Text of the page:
I agree. We should let the sleeping Indian lie.

    I can't properly sympathize about your father's death since I haven't "walked in your shoes", but to the extent that I can, I do. He wasn't the first or the last driven to the end of his string by lawyers. RCA's lawyers harassed Edwin Armstrong until he wrote a note to his wife telling her that he still loved her and was sorry that things had come out that way, then went out a window, I think on the 11th floor. His wife followed up every lawsuit over infringement on his patent for FM and won them all.

    The 841 and XA were inspired by the shaft drive BMWs the Germans used in North Africa where the sand ate up chains. By the time they were ready, the campaign was over. Local machinist Steve Tettaton did a nice restoration on an 841 which I got to ride on occasion. The engine has 90 degree twin cylinders like a Guzzi, making a smooth running, low vibration one. One time I rode it to Wauconda from St. Louis. The speedometer didn't work and I just went a comfortable speed, then realized that I had left the rest of the pack far behind. The bike was so comfortable and handled so well that I didn't realize how fast I was going. One of the group had a heart attack at Hannibal so I was given his 1953 Harley side car rig to take back. At anything over 45 MPH the handlebars would become a blur and the miserable beast was out of rig so I had to hold continuous pressure on the vibrating handle bars to keep it straight down the road. One of the best and the worst rides in one trip.

    Bill

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    This morning I spent finding the holes in my timing cover and making a part to test my findings.
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    I sure wish I could get this pic thing down, sometimes it works and sometimes it don't
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    Quote Originally Posted by 9100 View Post
    I was given his 1953 Harley side car rig to take back. At anything over 45 MPH the handlebars would become a blur and the miserable beast was out of rig so I had to hold continuous pressure on the vibrating handle bars to keep it straight down the road. One of the best and the worst rides in one trip.

    Bill
    so some one did a piss poor job of setting up the bottom end.

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    US military bike production was killed by the jeep......all the bikes were cancelled in early 1944 when jeep production met demand......The economics and practicalities were all on the side of the jeep.....the US bikes wernt suited to cross country,muddy tracks and heavily damaged roads as the British bikes were.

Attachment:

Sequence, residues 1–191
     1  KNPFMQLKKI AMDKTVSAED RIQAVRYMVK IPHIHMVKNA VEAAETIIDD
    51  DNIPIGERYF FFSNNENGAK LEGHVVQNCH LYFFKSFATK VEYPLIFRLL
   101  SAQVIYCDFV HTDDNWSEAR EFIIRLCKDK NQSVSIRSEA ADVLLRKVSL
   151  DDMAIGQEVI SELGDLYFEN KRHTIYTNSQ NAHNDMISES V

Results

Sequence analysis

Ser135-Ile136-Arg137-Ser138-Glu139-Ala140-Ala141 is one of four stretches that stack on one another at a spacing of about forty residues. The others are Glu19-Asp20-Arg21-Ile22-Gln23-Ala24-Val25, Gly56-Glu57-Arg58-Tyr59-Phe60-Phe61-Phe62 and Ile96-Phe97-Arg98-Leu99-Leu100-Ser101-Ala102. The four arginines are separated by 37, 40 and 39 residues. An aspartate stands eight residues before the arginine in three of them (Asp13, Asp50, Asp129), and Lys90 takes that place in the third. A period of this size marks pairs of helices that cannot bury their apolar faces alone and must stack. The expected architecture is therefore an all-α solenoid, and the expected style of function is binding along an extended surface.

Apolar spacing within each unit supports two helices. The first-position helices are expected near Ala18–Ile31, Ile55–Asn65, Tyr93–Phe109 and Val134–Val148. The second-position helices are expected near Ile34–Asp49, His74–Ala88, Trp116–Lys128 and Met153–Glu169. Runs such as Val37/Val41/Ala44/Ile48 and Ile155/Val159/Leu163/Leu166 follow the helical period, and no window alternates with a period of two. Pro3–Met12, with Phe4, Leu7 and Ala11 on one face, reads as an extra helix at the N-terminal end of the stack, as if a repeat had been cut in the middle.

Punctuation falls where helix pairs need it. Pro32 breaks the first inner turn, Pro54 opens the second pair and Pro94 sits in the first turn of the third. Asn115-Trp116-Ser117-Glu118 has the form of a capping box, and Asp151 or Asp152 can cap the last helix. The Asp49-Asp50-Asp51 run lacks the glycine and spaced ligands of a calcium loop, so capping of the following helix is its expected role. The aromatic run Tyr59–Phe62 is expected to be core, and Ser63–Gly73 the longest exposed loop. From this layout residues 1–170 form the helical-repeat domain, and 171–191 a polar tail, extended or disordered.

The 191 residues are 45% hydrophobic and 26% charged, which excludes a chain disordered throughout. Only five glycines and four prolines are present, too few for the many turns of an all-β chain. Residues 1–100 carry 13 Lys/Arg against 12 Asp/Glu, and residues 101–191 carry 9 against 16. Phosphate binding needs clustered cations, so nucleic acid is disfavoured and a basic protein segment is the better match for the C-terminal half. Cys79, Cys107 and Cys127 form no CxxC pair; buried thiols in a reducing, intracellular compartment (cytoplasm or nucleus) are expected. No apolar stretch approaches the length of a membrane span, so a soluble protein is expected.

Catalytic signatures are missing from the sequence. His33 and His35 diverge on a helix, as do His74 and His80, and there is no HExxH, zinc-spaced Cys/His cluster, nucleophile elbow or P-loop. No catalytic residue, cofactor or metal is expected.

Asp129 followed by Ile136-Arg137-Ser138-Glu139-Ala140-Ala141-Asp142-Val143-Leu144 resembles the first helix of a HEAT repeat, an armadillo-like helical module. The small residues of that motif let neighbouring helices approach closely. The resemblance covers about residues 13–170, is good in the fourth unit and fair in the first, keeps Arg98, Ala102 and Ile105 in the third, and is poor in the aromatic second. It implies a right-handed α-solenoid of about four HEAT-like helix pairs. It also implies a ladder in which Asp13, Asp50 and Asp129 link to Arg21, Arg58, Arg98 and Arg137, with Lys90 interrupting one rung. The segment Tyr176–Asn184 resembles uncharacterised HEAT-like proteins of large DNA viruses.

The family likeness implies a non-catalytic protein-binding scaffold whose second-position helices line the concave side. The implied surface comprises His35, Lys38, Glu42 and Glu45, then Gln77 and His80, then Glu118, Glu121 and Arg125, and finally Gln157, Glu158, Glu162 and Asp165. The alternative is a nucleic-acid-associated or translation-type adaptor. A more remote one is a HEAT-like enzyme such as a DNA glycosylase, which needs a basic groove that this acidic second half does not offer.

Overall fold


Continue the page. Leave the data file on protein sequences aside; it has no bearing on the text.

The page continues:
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    Quote Originally Posted by john.k View Post
    US military bike production was killed by the jeep......all the bikes were cancelled in early 1944 when jeep production met demand......The economics and practicalities were all on the side of the jeep.....the US bikes wernt suited to cross country,muddy tracks and heavily damaged roads as the British bikes were.

    Right - and then in the late 1940's the British invasion of motorcycles started, There was BSA, AJS, Matchless, Velocette, James. Norton, Vincent, DOT, Villiers, you name it. They were cheaper than the Harleys and Indians, lighter, faster (Vincent did 128 mph out of the crate in 1950!) and handled better. The AMA passed a new rule that 500cc OHV twins and singles could run in AMA Class C alongside of the former Harley WR's and factory Indian racers. The competition was on! After that the British bikes mopped the floor with the old American iron on flat tracks and TT courses..

    It was fun to watch when I was a kid, The Harley riders hated the British bike riders and the Indian riders. The Indian riders hater the Harley riders and the British bikers and the Brit bike riders hated both the Harleys and the Indians. LOL

    Then in the late 1950's the Japanese bike invasion came and Indian was done and Harley nearly took gas. Gosh that was fun!

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    Radios didn't help the case for bikes, either. An army cyclist during WWII said that another factor was that they were useless for scouting. They made so much noise that everyone knew where you were and either had their heads down or were shooting at you.